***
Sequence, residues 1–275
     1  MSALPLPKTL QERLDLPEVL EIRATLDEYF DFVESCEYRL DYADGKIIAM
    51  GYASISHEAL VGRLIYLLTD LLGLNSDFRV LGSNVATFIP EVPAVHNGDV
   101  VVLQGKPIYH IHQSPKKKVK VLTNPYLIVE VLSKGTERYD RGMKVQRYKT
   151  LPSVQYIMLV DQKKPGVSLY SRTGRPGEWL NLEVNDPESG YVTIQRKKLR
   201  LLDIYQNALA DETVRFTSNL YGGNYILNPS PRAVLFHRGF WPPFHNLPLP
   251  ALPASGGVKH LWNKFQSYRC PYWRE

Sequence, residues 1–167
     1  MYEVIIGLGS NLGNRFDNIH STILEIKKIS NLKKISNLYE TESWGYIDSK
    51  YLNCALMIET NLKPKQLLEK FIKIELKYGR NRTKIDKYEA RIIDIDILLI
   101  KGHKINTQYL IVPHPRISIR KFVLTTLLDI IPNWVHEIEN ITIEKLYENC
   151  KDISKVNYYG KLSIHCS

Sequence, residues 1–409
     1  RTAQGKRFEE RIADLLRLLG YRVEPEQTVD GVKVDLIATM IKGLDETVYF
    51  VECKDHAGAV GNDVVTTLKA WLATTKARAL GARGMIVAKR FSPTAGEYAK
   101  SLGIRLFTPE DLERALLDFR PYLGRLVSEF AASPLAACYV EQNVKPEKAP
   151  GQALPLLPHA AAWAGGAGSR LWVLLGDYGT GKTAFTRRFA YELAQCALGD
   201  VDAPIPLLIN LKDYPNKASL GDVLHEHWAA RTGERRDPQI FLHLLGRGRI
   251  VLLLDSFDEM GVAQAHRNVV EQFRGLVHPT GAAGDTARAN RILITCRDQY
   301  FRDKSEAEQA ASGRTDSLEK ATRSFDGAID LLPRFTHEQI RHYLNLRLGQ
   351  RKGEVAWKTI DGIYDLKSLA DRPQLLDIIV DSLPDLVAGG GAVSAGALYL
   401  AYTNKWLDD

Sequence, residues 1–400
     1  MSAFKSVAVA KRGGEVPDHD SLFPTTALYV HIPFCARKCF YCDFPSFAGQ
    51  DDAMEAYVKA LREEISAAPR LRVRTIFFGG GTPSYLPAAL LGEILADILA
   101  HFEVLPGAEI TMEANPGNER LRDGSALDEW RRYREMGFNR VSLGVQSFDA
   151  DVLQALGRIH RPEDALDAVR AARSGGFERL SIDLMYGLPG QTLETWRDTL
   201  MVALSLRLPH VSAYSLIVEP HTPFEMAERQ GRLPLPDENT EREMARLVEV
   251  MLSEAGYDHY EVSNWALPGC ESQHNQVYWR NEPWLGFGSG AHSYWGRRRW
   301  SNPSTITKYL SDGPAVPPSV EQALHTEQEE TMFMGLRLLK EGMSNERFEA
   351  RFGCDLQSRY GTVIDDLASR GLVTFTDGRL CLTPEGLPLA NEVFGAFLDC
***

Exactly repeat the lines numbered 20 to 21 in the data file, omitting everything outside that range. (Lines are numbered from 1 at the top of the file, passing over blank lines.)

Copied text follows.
   301  FRDKSEAEQA ASGRTDSLEK ATRSFDGAID LLPRFTHEQI RHYLNLRLGQ
   351  RKGEVAWKTI DGIYDLKSLA DRPQLLDIIV DSLPDLVAGG GAVSAGALYL